/proc/self/maps on Linux contains information about the current layout of virtual memory, what each segment is and the memory protection of that segment. Changes made using
mprotect will cause the file to be updated appropriately.
/proc/self/maps before you start modifying it with
mprotect, you should have enough information to restore the previous layout.
The following example shows the contents of
/proc/self/maps in three scenarios:
- Prior to any operation being performed;
- After a
mmap (which shows one additional entry in the file); and finally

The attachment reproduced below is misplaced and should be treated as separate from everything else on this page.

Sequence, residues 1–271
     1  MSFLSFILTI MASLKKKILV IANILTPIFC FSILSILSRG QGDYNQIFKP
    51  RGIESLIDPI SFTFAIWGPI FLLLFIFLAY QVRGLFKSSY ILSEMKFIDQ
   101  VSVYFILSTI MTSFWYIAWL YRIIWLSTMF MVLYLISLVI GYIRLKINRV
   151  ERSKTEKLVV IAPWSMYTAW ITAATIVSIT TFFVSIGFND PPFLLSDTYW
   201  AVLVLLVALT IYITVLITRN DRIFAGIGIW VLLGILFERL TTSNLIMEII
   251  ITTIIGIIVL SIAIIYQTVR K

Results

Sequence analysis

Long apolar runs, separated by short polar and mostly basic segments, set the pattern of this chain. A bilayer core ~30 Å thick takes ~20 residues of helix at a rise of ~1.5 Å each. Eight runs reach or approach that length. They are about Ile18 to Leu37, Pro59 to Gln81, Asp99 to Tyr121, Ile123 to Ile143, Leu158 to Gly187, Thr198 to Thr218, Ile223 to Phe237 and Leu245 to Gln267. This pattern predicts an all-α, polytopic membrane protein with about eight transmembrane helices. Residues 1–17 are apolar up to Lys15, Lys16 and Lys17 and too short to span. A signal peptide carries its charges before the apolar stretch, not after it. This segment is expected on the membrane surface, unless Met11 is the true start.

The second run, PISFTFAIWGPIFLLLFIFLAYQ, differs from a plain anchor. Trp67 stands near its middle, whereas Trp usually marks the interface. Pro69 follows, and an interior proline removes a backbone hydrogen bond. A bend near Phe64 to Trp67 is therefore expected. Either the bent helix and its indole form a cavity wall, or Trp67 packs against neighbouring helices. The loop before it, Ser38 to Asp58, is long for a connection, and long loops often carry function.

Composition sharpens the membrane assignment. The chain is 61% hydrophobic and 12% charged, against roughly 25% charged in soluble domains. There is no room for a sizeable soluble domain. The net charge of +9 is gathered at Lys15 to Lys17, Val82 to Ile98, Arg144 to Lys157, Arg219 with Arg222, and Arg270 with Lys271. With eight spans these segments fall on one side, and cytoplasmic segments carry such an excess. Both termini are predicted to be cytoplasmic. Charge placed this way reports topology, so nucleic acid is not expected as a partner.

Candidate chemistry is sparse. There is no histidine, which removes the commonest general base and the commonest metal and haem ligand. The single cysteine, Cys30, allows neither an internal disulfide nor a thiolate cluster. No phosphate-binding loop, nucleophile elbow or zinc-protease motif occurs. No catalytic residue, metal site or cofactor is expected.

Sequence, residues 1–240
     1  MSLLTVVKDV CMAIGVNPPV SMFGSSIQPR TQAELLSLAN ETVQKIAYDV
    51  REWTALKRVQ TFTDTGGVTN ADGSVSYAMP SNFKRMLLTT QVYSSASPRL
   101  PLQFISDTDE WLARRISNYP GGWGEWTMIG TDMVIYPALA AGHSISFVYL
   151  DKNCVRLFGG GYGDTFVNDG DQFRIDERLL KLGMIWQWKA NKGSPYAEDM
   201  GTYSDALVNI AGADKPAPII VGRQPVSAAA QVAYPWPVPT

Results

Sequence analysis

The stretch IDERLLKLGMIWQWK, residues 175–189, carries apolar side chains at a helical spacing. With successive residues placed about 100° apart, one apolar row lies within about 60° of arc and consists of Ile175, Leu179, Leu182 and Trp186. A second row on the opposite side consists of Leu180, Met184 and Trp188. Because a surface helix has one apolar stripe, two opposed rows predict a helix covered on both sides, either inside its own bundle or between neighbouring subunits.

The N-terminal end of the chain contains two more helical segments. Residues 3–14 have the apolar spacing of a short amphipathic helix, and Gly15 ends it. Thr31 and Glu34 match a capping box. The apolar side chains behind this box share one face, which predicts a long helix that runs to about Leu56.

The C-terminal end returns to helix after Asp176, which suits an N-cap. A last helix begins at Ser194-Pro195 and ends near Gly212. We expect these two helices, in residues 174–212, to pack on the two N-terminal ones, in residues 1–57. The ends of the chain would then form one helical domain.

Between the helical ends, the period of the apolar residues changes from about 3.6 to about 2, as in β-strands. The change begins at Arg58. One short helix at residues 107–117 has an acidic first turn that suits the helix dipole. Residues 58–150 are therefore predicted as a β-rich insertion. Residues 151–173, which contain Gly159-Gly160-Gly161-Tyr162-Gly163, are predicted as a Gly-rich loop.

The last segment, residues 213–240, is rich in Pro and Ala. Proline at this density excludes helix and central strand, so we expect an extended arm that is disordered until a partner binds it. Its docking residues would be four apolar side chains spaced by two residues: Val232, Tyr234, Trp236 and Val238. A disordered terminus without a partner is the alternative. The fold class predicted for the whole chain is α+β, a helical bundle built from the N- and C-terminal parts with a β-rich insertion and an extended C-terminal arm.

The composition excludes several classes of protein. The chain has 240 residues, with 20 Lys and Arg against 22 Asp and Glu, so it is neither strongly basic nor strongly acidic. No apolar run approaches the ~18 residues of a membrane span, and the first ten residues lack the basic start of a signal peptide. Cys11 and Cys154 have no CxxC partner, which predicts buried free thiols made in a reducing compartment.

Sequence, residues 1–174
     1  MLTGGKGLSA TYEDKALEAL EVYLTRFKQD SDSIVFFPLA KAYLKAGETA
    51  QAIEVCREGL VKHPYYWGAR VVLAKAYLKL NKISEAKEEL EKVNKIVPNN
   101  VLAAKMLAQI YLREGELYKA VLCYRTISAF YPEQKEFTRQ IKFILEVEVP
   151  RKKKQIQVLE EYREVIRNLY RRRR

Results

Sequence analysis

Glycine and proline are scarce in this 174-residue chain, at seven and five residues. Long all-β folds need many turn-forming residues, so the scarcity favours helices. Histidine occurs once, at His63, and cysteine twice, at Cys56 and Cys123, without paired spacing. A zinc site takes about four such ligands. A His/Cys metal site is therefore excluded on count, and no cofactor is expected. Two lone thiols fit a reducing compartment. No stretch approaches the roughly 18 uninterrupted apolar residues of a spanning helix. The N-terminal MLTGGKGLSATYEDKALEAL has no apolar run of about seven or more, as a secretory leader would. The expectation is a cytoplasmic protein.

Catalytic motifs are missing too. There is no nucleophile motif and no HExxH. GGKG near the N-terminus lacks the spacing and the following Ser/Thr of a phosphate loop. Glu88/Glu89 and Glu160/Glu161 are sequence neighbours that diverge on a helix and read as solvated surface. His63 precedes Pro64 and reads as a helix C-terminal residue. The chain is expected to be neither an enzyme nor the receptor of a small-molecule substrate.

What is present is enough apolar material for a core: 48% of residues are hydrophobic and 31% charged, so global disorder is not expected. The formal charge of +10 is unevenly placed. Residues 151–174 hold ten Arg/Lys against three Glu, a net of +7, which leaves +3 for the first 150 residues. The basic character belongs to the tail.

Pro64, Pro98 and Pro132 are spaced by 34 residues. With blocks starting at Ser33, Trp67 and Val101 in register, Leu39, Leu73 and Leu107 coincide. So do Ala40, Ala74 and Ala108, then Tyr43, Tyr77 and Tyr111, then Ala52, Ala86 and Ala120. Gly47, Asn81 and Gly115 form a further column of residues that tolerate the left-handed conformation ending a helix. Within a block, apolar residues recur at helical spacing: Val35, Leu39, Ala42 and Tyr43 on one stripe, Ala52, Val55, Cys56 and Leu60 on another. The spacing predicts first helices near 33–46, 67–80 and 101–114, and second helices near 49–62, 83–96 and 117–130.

- After a
mprotect (which shows the permission bits changing in the file).
(Tested with 32-bit Linux 2.6).
#define PAGE_SIZE 4096
FILE *f = fopen("/proc/self/maps", "r");
while ((a = fgetc(f)) >= 0)
/* Show initial mappings. */
/* Map in some pages. */
mapping = mmap(NULL, 16 * PAGE_SIZE, PROT_READ, MAP_PRIVATE | MAP_ANONYMOUS, -1, 0);
printf("*** Returned mapping: %p\n", mapping);
/* Change the mapping. */
mprotect(mapping, PAGE_SIZE, PROT_READ | PROT_WRITE);
As far as I know, there is not mechanism other than the
/proc/ interface that Linux provides to allow you to determine the layout of your virtual memory. Thus, parsing this file is about the best you can do.